Why a sand water filter may not remove sand from your water system
Conventional well theory holds that water enters the well evenly across the length of screened or open borehole. It has always been assumed that a well with 100 feet of water producing length, and a 1,000-gpm pump will. uniformly produce 10 gallons of water per foot of producing zone. However, it has been clearly demonstrated that this is not what really occurs.
What actually happens is that pump suction energy is distributed very unevenly in the well. This results in water entering the well at very high velocities near the pump, and being virtually stagnant at the farthest points from the pump. Water rushes into the well near the pump to satisfy the pump demand. Once this water reaches turbulent velocity, no additional water flow occurs at that point, and the suction energy is pushed farther down in the well. This process will continue until all of the pump suction energy is dissipated or the pump breaks suction and begins to pump air. Thus it can be seen that most of the water is produced in only part of the well.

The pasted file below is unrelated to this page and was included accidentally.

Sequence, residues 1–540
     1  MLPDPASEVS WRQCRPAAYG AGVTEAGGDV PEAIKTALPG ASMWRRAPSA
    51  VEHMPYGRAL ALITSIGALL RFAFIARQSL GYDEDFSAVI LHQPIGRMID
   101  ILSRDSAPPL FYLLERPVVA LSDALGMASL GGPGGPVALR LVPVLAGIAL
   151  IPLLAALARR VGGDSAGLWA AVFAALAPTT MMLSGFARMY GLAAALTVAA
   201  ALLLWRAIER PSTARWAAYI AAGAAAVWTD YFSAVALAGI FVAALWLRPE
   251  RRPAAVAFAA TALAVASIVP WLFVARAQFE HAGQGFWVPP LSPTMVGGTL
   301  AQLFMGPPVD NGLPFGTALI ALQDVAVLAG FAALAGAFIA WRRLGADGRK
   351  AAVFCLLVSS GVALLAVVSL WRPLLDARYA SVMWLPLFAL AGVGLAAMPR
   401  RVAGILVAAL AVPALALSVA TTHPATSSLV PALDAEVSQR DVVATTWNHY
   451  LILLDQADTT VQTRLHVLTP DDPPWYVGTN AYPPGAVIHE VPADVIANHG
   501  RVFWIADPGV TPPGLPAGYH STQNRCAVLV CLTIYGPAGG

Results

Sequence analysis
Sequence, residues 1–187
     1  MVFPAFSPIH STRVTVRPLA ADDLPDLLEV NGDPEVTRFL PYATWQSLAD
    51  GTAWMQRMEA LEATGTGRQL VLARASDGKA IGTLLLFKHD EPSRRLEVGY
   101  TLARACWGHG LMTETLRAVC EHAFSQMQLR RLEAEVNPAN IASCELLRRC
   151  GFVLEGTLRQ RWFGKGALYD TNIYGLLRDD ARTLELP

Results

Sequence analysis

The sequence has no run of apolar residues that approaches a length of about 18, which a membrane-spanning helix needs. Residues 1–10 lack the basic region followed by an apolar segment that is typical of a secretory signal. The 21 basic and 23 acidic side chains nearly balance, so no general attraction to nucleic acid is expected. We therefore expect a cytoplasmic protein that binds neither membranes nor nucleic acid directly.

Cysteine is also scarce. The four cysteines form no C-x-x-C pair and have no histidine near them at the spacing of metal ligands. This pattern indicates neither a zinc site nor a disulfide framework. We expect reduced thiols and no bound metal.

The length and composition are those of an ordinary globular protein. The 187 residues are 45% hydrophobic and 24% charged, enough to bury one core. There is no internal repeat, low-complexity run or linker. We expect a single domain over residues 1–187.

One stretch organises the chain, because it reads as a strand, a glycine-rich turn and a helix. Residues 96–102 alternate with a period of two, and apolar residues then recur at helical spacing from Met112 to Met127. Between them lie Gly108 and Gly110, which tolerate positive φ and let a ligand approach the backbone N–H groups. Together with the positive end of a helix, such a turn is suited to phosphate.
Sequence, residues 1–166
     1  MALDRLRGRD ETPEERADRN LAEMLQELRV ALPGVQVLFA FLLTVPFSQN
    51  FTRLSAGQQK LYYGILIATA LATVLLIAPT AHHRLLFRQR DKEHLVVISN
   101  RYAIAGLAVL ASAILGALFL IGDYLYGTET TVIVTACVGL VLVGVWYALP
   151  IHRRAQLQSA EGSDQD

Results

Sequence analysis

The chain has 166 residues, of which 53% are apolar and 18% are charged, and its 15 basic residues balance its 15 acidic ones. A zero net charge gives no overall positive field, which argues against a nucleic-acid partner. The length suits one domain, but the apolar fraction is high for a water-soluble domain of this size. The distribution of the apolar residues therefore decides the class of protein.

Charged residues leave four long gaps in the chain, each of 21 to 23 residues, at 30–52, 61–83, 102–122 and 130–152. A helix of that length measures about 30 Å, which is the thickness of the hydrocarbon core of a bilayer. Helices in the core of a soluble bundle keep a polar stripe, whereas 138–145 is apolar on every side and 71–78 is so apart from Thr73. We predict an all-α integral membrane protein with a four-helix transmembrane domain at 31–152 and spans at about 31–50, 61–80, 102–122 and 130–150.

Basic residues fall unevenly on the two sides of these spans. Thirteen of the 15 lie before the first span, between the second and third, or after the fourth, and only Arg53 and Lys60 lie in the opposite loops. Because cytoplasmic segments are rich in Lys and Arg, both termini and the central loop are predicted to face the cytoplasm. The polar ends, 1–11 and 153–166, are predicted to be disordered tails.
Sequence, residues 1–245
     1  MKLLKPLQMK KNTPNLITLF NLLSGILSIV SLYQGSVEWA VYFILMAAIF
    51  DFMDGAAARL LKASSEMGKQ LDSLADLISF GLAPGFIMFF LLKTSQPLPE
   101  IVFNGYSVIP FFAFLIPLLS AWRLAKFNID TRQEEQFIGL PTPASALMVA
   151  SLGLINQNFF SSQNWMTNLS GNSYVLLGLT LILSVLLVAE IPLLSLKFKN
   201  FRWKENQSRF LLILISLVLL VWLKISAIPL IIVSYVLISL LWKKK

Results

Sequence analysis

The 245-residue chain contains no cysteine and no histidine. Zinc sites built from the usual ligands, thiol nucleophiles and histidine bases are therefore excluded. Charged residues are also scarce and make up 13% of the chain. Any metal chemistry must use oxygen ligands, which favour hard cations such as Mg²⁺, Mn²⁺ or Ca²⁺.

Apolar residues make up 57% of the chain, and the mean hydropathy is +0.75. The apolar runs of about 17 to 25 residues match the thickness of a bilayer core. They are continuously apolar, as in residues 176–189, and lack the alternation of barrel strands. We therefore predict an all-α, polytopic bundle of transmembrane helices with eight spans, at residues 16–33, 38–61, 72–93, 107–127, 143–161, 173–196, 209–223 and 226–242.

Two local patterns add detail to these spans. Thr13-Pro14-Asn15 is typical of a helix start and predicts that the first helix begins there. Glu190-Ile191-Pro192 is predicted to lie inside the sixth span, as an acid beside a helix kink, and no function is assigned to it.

In many cases, 100% of the water is pulled from a third or even less of the available producing zone. The result of this uneven energy distribution is mineral encrustation and sand production as described above. These preventable problems will certainly cause deterioration in well performance, and can often lead to premature failure of the well.
Typical approaches to these problems can fairly be described as "treating the symptom" rather than correcting the underlying cause of the problem. These treatments include periodic removal and replacement of the pump, repeated attempts to rehabilitate the well through various chemical and mechanical methods, re-screening or lining the well, the use of settling tanks, sand separators and/or filtering systems. In the worst cases, wells are replaced and then the cycle repeats itself.
Common Causes of Well Deterioration
Well deterioration can be caused by: 1) Mineral encrustation, 2) Sand production and/or 3) Biofouling. In all three cases, well deterioration occurs both to the well screen and casing as well as to the surrounding formation itself.